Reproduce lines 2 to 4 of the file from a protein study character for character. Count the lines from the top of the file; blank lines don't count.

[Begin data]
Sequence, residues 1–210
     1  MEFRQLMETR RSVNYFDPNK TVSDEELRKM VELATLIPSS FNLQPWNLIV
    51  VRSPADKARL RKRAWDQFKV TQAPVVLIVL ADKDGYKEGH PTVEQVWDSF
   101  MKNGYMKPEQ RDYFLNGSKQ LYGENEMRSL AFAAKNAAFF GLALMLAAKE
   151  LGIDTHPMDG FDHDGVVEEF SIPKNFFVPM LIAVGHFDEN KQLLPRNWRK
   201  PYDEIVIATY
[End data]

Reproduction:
     1  MEFRQLMETR RSVNYFDPNK TVSDEELRKM VELATLIPSS FNLQPWNLIV
    51  VRSPADKARL RKRAWDQFKV TQAPVVLIVL ADKDGYKEGH PTVEQVWDSF
   101  MKNGYMKPEQ RDYFLNGSKQ LYGENEMRSL AFAAKNAAFF GLALMLAAKE